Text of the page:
Britain's Queen Elizabeth II, left, and Prince Philip The Duke of Edinburgh, right, are shown to their places by a military officer at the Memorial Park in Port-of-Spain, Trinidad, Thursday, Nov. 26, 2009. Queen Elizabeth II will open the three-day Commonwealth Heads of Government meeting, CHOGM, in Port-of-Spain Nov. 27. ANDRES LEIGHTON / ASSOCIATED PRESS
Britain's Queen Elizabeth II arrived in Trinidad and Tobago on Thursday to a wave of enthusiasm but also concern as some world leaders wonder if they can reach an agreement on climate change ahead of an upcoming international summit, and some in the Caribbean question whether they should remain tethered to the British monarch.
The queen's rare visit to the region -- her third to oil-rich Trinidad since 1966 -- comes as the Commonwealth Heads of Government hold meetings in Port of Spain through Sunday. Climate change is expected to dominate discussions among 50 of the 53 self-governing members of the former British empire.
The summit will also feature French President Nicolas Sarkozy, Danish Prime Minister Lars Lokke Rasmussen and U.N. Secretary General Ban Ki-moon. Although none heads a Commonwealth nation, the four have been invited to help forge an agreement on climate change before the U.N.-sponsored Climate Change Summit in Copenhagen, Denmark, next month. That gathering is expected to attract at least 65 world leaders, including President Barack Obama.
``Already, this is turning out to be one of the largest major gatherings of political leaders and heads of governments before next month's summit in Copenhagen,'' said Ben Malor, a spokesman for Ban.
``This is an opportunity where the Secretary General is going to drive up the momentum toward Copenhagen, asking and urging the leaders to make sure success is achieved in Copenhagen because failure would be too costly.''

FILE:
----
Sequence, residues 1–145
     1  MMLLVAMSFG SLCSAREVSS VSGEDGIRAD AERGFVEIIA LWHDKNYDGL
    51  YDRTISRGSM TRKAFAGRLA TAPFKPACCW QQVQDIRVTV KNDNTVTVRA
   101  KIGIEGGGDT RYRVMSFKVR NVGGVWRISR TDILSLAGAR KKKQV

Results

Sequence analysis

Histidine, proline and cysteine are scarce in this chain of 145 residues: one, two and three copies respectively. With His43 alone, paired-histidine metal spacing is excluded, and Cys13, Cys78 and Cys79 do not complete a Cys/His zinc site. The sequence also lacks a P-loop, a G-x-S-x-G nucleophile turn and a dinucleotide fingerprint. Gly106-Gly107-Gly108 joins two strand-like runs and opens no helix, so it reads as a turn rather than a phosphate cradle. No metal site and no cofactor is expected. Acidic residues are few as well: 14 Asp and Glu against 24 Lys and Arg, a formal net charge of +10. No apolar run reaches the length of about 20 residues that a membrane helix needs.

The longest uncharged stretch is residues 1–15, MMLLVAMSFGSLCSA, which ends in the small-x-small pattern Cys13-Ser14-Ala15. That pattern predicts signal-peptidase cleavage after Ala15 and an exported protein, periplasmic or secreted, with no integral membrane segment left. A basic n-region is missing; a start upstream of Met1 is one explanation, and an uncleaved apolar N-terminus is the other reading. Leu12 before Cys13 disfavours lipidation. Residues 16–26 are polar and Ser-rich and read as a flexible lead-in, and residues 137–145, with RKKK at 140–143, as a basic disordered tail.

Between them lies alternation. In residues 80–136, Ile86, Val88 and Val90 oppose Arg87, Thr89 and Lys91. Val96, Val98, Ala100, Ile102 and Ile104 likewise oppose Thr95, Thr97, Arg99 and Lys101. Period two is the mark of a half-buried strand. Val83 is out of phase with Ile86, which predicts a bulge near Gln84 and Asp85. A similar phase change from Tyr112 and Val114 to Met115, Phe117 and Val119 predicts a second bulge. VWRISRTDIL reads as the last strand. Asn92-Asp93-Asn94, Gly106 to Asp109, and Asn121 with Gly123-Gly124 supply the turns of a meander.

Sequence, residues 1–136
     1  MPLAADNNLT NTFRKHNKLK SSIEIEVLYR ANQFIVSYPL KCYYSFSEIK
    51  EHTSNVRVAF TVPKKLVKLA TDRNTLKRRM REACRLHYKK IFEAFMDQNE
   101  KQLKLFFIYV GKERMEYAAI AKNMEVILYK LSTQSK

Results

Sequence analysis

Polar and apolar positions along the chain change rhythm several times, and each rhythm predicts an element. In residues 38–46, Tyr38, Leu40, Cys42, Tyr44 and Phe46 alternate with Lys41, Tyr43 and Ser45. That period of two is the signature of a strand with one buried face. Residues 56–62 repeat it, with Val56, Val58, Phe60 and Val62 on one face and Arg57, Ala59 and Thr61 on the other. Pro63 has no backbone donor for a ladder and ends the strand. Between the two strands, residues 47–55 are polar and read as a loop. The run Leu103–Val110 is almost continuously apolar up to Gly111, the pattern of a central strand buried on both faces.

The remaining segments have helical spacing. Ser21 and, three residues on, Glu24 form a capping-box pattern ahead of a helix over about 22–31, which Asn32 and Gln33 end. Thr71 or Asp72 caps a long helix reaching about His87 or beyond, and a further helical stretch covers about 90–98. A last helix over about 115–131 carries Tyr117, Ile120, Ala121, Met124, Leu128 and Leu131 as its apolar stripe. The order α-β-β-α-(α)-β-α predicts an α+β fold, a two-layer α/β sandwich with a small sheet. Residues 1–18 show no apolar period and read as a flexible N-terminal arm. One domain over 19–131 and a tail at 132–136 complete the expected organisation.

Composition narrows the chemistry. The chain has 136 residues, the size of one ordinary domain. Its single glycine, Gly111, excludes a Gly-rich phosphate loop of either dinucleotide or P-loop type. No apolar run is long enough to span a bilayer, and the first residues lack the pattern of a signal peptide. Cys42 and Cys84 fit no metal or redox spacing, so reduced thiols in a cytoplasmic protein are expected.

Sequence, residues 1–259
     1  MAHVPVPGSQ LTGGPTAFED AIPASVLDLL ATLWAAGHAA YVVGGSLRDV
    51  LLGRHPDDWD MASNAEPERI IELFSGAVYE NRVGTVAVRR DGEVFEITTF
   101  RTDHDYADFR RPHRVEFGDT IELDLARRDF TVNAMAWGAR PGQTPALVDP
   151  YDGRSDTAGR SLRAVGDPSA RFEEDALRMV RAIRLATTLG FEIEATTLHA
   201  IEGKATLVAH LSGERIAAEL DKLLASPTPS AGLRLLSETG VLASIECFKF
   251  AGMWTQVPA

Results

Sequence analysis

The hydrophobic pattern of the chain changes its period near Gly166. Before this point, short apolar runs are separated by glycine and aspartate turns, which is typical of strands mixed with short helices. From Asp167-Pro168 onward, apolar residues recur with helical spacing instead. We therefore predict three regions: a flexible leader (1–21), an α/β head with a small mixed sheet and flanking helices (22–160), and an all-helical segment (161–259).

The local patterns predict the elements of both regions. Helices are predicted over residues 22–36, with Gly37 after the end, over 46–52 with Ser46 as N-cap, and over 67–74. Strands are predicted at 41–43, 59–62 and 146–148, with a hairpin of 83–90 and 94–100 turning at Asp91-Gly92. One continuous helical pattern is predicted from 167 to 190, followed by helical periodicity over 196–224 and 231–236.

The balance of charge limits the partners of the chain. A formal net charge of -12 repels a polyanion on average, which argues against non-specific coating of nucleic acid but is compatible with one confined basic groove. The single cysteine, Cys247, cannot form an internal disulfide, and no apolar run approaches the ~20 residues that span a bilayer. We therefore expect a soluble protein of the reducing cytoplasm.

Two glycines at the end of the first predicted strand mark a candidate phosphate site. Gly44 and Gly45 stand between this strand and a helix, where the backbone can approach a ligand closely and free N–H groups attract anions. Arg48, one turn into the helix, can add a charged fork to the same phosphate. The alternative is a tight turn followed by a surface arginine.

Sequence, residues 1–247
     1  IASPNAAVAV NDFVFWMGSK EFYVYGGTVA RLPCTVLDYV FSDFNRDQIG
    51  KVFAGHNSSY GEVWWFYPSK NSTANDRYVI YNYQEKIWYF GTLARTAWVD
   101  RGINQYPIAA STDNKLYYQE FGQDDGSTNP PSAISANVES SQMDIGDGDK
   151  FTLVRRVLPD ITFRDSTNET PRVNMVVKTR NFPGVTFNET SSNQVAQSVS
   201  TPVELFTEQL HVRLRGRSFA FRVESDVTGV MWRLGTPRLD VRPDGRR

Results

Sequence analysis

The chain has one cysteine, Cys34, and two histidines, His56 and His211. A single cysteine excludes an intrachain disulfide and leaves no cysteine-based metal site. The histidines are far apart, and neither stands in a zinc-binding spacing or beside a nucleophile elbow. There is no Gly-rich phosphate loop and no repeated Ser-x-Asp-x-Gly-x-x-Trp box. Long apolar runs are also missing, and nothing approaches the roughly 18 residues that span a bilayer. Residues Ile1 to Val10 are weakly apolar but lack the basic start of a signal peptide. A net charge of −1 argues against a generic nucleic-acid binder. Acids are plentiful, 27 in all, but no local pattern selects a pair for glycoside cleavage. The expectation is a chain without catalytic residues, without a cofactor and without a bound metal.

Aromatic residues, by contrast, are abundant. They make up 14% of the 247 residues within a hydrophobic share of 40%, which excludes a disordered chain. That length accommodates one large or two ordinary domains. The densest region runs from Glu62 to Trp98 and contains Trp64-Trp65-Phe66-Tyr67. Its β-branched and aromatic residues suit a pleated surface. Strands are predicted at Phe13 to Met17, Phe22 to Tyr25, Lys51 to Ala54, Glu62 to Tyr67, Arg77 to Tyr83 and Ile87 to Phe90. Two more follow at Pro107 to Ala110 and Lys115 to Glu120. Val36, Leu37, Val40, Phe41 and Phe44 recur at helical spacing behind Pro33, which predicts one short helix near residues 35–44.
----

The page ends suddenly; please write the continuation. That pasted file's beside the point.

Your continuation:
Malor said Ban will have bilateral meetings with several of the 39 Commonwealth leaders who will be in Trinidad. He will also participate in an executive session on climate change on Friday, as well as discussions on small island developing states, which are being heavily impacted by rising sea levels. There also will be a separate meeting with Australia's prime minister and the least developed countries of the world, focusing on economies and livelihoods.
Earlier this week, the Australian government proposed a pledge of $46 million to assist Grenada and other Caribbean countries in areas including climate-change mitigation, agriculture and small-business development. Australia is seeking to develop stronger ties with the Caribbean.
A RAISED PROFILE
This is the second time this year that Trinidad and Tobago, a natural gas- and petroleum-rich eastern Caribbean nation, is at the center of a diplomatic gathering of huge significance.
In April, the country hosted Latin American leaders along with Obama and U.S. Secretary of State Hillary Clinton during the Fifth Summit of the Americas.
``We have the opportunity to positively influence its outcome,'' Trinidad and Tobago Prime Minister Patrick Manning said about his tiny twin-island nation's big role in the climate-change talks. ``Trinidad and Tobago is doing its utmost to advance the process that could result in a global agreement on this crucial matter affecting all of humanity.''
Just as in April, security measures will be tight throughout Trinidad, where traffic around Port of Spain will be rerouted and hundreds of Caribbean troops will keep a close watch over leaders, including India's Prime Minister Manmohan Singh, fresh from an official visit to the White House this week.
One Commonwealth leader who won't be traveling to Port of Spain: the president of the small West African country of Gambia, who in September threatened to kill human-rights workers.